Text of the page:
In B v Yodel Delivery Network Ltd, the ECJ needed to consider whether a self-employed delivery driver could be a worker under the Working Time Directive. It did not give a ruling on the specific case but gave an indication of its views and, in doing so, made clear that individuals like this may not be classed as workers.
The Directive does not define what is meant by a ‘worker’. However, essentially the ECJ ruled that the definition would not be inconsistent with the definition of worker status applied in the UK. The ECJ identified significant factors that it said tribunals would have to take into account in deciding whether an individual was a worker for this purpose. These included whether there was a right of substitution in the contract, whether the driver could reject jobs and whether the driver could work for others.
In this case, Yodel was not obligated to provide work to the drivers and the drivers could refuse to take on jobs. Drivers could work for others (including competitors), used their own vehicles, could appoint a substitute whom they would be responsible for (subject to a limited veto on the basis of skill) and could, within boundaries set by Yodel, decide the time and route for their delivery (save if a fixed time had been agreed with the customer). The ECJ recognised that, in this case, the driver appeared to have a great deal of latitude and didn’t appear to be treated as a subordinate of Yodel. It suggested that the individual would not be a ‘worker’ but remitted the case to the Employment Tribunal to decide on a detailed analysis of the facts.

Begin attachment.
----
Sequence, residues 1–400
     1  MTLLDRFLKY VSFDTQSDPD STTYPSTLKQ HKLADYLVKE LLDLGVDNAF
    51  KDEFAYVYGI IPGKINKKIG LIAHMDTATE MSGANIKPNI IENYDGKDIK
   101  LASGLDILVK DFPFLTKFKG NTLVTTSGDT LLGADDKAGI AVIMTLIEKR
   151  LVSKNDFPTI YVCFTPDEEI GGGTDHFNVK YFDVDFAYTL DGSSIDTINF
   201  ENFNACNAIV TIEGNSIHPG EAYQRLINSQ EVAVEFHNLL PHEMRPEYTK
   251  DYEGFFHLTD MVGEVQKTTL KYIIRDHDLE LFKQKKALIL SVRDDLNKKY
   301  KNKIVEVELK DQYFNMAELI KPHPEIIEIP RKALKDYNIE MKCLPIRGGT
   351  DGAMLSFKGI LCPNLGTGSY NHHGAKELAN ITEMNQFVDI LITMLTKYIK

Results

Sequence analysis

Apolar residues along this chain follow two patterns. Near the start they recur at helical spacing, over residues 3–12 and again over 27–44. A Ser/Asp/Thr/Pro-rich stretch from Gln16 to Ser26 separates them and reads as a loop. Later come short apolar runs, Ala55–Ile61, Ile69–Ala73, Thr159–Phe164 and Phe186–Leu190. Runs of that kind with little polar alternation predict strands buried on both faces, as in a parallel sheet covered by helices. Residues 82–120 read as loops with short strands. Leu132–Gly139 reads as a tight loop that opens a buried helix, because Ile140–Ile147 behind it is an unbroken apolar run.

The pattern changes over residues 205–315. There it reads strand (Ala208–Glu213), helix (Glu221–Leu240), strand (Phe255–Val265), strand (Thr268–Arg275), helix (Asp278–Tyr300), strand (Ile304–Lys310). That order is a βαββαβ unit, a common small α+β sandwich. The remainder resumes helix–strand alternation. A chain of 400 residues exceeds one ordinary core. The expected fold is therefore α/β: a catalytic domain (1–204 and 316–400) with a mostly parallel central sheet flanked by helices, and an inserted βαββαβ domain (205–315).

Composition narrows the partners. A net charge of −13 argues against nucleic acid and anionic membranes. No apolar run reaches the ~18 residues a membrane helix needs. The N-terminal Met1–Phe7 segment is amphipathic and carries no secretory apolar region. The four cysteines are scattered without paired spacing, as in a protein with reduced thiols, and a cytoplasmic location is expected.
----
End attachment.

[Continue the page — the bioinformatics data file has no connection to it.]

This is useful clarification that the ECJ does not feel the tests applied by the UK are inconsistent with the principles of the Working Time Directive in this regard.